It’s time to evaluate the past year’s garden and get ready to order things for 2014 – the Buffalo Gardening Examiner thoroughly enjoys this time of year! First up – the vegetable garden.
The garden – For 2013, I eliminated a past garden I used for mixed vegetables and perennials and put up a raised bed garden for vegetables only – the Greenland Gardener Four-Square 5’ x 5’ bed that was available at Sam’s Club in spring of 2013 (it’s still available online). The raised bed itself was very easy to put together and is sturdy. After surrounding it with two layers of fencing (because my deer and rabbits are really that bold!), I was able to start my first real vegetable garden.
The vegetables – For my first real vegetable garden, I tried a mix of standards (tomatoes, peppers and beans) and some new things (cucumbers, zucchini and corn). I purchased my tomato and pepper plants to HiWay Gardens on Tonawanda Creek Rd. in Amherst – one of my annual stops, and a place I’ve had luck with both tomatoes and peppers before.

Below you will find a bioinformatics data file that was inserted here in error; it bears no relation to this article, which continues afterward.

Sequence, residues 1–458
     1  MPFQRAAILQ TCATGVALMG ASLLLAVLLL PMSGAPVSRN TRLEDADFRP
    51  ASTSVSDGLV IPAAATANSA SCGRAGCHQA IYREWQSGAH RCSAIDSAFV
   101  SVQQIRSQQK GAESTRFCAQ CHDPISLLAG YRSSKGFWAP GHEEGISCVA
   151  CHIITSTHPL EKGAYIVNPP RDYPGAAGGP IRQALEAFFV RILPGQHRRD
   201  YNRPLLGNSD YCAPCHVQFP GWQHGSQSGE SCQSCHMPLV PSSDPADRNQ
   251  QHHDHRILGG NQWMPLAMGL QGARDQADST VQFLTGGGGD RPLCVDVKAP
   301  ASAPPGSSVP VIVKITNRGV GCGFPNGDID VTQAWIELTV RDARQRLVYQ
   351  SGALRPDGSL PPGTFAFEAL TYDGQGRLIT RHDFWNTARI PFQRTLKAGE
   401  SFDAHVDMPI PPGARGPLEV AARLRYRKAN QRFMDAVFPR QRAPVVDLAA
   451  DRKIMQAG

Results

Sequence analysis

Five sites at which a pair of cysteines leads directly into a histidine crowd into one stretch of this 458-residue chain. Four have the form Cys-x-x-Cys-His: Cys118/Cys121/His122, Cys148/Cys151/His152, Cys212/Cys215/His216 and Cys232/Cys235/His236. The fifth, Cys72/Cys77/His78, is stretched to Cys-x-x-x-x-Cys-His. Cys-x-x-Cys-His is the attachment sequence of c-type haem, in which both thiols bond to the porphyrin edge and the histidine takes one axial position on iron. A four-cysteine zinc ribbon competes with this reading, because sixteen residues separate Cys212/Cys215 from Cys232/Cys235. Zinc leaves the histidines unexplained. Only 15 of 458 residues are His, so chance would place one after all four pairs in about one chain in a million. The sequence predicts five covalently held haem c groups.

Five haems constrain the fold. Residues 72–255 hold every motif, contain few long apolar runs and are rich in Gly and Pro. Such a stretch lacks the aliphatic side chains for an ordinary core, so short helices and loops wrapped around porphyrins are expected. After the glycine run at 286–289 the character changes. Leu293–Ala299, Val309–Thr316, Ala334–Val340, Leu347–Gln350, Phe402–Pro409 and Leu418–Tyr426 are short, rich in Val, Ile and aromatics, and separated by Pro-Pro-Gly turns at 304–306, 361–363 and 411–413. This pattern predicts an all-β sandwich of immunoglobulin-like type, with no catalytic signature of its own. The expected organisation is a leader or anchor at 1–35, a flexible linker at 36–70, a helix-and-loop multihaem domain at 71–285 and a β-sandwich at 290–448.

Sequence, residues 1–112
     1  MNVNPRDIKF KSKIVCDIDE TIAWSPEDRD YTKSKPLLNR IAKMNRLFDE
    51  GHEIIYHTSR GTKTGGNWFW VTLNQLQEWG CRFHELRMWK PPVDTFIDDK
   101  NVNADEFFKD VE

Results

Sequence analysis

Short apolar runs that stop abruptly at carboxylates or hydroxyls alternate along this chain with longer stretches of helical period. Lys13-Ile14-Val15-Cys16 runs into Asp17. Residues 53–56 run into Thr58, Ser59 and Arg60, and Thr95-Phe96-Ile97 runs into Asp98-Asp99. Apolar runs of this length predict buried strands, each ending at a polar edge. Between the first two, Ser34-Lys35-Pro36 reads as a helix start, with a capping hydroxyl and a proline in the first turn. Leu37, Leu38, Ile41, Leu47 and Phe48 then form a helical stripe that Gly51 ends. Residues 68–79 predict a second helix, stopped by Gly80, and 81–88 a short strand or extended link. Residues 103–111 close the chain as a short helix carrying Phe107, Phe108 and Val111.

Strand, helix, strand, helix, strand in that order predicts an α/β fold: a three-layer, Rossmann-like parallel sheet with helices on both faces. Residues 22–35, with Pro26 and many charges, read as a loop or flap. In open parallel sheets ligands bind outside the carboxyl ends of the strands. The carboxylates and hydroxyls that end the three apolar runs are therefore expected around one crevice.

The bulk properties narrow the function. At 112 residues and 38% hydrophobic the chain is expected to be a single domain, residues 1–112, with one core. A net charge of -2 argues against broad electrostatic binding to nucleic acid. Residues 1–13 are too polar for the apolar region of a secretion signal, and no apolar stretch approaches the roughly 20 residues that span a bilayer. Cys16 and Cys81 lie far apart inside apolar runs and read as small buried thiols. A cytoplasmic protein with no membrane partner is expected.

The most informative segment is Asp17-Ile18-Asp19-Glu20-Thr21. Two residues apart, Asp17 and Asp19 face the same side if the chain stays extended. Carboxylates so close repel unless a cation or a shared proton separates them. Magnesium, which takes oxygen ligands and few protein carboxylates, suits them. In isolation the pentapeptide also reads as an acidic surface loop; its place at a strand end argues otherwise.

Instead of my normal Burpee Big Boy tomato plant, I tried a Heinz 1350 plant – it produced around 20 very big tomatoes, and unfortunately had a bunch of new tomatoes trying to make it to the end of the season. I also bought a Sweet 100 cherry tomato plant – I wasn’t ready for that one! More than 400 cherry tomatoes later, it still had new buds in September when things finally died off. I also wasn’t ready for the size of both plants: each over 4’ tall! Unfortunately, since I wasn’t expecting that, my poor pepper plant was crowded and barely produced a thing. Lesson learned – give the tomatoes their own area!
I also ordered some seeds to try out – Kentucky Wonder 125 bush beans, Poquito zucchini and Spacemaster 80 cucumbers for Park Seed, plus two lettuce/mesclun blends and my novelty “gotta-try-it” seed of the year, the On Deck Hybrid corn – the last three from Burpee. The beans did well, but I planted the second season crop about two weeks too late to amount to anything. The cucumbers and lettuce also did well, but what really impressed me was the Poquito zucchini – not only is the fruit manageable (about 3” to 4” and looking like a mini-watermelon), but the crop was also manageable: five plants produced one or two zucchini every couple of weeks, not everything all at once. The corn, on the other hand, was a disappointment – a neat novelty, but for the price of the seeds, I could have bought a couple dozen at the produce stand.
Stay tuned for a look at my annual and perennial purchases from 2013.
Disclosure: The Buffalo Gardening Examiner received no compensation for any part of this review.
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